internetboekhandel.nl
buttons Home pagina Kassa pagina, Winkelwagentje Contact info Email ons
leeg Home pagina Kassa pagina, Winkelwagentje Contact info Email ons Home pagina Rijks
Boekenweek
Rijks Home pagina Home pagina Kassa pagina, Winkelwagentje Contact info Email ons Besteller 60
 
Nederlands Buitenlands   Alles  Titel  Auteur  ISBN        
Technische wetenschappen
Technische wetenschappen algemeen
Levertijd: 5 tot 11 werkdagen


Pahlavan, Kaveh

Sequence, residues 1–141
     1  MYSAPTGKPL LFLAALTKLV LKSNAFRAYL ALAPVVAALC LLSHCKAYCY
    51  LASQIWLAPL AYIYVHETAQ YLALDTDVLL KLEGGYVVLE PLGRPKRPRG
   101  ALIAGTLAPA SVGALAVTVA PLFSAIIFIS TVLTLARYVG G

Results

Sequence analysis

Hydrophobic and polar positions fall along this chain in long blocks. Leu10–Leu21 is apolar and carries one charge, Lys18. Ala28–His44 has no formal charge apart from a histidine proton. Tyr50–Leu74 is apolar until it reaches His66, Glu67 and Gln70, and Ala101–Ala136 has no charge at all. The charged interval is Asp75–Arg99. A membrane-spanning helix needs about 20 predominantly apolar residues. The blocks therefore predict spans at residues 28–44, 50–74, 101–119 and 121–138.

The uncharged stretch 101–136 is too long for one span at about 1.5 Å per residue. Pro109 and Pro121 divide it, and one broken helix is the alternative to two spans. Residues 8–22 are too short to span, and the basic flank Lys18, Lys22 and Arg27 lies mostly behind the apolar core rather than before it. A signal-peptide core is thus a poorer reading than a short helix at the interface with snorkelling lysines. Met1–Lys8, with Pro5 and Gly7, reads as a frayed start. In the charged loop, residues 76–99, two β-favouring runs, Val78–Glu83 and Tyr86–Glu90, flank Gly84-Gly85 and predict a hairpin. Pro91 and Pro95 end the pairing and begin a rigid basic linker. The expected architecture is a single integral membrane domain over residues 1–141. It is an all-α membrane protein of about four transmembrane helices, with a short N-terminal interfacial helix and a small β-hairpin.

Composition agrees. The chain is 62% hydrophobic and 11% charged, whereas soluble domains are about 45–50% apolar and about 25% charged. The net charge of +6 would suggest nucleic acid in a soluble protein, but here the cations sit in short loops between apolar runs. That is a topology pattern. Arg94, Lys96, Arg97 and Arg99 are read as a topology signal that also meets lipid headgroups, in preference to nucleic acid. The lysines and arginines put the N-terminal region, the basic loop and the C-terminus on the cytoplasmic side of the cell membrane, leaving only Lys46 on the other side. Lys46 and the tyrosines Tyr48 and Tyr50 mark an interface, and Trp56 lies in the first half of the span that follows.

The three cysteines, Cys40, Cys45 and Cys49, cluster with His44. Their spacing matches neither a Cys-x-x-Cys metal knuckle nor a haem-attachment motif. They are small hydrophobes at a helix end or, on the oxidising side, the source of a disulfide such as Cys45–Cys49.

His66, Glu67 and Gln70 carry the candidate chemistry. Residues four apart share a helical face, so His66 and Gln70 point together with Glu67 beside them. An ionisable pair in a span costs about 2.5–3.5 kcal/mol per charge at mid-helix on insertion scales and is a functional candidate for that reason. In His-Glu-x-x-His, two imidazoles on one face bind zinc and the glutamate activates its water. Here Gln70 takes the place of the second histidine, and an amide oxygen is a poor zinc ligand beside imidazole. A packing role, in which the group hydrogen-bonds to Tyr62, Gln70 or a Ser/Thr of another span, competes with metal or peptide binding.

Principles of Wireless Networks

A Unified Approach

€ 122.95

Updated to reflect developments in wireless wide, local, and personal area networks, the second edition of Principles of Wireless Networks: A Unified Approach is a comprehensive introductory text that takes a holistic approach to the convergence of wireless and fixed Internet technologies.


Taal / Language : English

Inhoudsopgave: